When I was working Uptown in my early, post-college years and craved a beer after work, I had to walk a few miles. Uphill. Sometimes barefoot and in oppressive summer heat — or in the middle of a snowstorm. You kids don't know how good you have it now that downtown Charlotte offers a choice of bars and restaurants. Back in my day, we had only one place to go.
But what a place it was. And still is.
Alexander Michael's opened at 401 W. 9th St. on April 26, 1983. It was a big night for the new restaurant. "We did 77 [customers]," says Steve Casner, who was the manager back then and is the owner now. "We hit the ground running."
Casner worked for original owners Alexander "Zan" Copeland III and Michael Troiana (the "Alexander" and "Michael" who gave the place their names) at another restaurant they owned, Proposition XLV in Myers Park.
Charlotte native Tripp Funderburk, nephew of the late Zan Copeland, worked at Alexander Michael's one summer when he was a student at Myers Park High. Now a Washington, D.C., resident, he credits Casner with the pub's longevity. "Steve Casner is probably the main reason it's still going," he says.
But it was Uncle Zan who had the vision to put a bar where no bar had gone before. "Zan saw that it was the only spot zoned for a bar/restaurant in the new developing area there, and jumped on it," Funderburk says. "He built the bar out of doors from a bank. I helped sand them. It really has that Cheers neighborhood feel — great location, great decor and good service."
From the beginning, Al Mike's — as regulars call it — felt like it had always been there. Maybe that's because it's housed in a building, originally the Crowell-Berryhill grocery store, constructed in 1897. And if the wooden building (actually Masonite, but designed to mimic the original wood) feels like home, that may be because it is someone's home. Two identical loft apartments are upstairs. One is the Al Mike's office, and the other has at times served as Casner's residence.
Uptown resident Eric Huntley, 45, lives in walking distance ("Like, almost sharing plumbing close") and has been going to Al Mike's since the early days. He estimates he's there to eat in or take out three or four times a month.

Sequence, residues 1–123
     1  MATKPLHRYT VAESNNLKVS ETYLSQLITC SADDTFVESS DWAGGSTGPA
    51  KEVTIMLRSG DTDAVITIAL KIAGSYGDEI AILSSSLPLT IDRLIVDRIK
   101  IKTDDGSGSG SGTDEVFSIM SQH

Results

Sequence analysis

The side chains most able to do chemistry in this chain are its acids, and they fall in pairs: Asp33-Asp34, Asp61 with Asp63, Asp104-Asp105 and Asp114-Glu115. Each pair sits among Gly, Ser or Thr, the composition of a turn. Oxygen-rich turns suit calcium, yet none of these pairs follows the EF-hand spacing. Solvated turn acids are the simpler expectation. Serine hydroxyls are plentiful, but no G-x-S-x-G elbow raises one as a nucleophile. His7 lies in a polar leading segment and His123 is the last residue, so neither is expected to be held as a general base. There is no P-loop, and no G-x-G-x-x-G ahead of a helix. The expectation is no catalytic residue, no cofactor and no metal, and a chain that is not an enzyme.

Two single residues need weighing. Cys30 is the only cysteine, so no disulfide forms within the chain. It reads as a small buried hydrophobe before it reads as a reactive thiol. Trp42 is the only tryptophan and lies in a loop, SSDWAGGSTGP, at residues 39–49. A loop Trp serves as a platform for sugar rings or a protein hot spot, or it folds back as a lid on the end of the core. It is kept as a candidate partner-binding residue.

What keeps him going back? The people.
"Steve Casner; his son, Cooper; and the team that works for them," he says in answer to the question. "They are as real and as laid-back as you're bound to find in Charlotte." Cooper, now in his 30s, was just 3 years old when his dad started managing Alexander Michael's.
Huntley says Al Mike's doesn't put on airs. "They are not a sports bar. They are not a martini bar. They are not a bistro," he says. "And, they haven't suffered from not changing their DNA."
The interior is cozy (seating about 70 people), friendly, dark (courtesy of the abundance of wood and dark green walls), authentic. If it feels a little dated, you can forgive; this is not the kind of place its regulars want to change.
Today, Al Mike's remains what it has always been — a comfortable, unassuming neighborhood tavern. "I go to Al Mike's because I want a beer and to not be rushed," says Huntley. "They have a great selection of old favorites and local brews. This is not a wine bar, and they don't try to be one. This is a bourbon-and-beer joint."
It's also got darned good food. "I live on their 'What It Is' [blackened chicken breast over rotini pasta in a Cajun cream sauce] and the chicken pita with Cajun fries," says Huntley, who also raves about the Monday meatloaf and boneless fried chicken and mashed potatoes.
"We've been trying to do farm-to-fork for the past couple of years," Casner says, talking about their culinary evolution. "Our greens are organic. The pork chop we feature every Thursday is from Grateful Growers."
This is comfort food served in equally comfortable surroundings. "I recently took some colleagues from Edinburgh, Scotland," says Huntley. "They loved the laid-back atmosphere that gave them a gentle reminder of the pubs from their hometown. But, they did have a laugh at the idea that Al Mike's had been around since 1983 — since their local pubs of similar aesthetic ... have been around since 1783."
OK, so it wasn't quite 1783 when my pals and I had to hoof it to Fourth Ward for happy hour; it was the late '80s. I may have exaggerated the difficult trek, but the part about heading to Al Mike's in the snow is true.
Huntley says, "If there is remotely a chance of a snow day, there is no other place to be to watch the flakes and merrymakers falling down. It's beyond picturesque, inviting and cozy to sit in that space with a view of the beautiful Fourth Ward homes and know you really have nowhere else to be."
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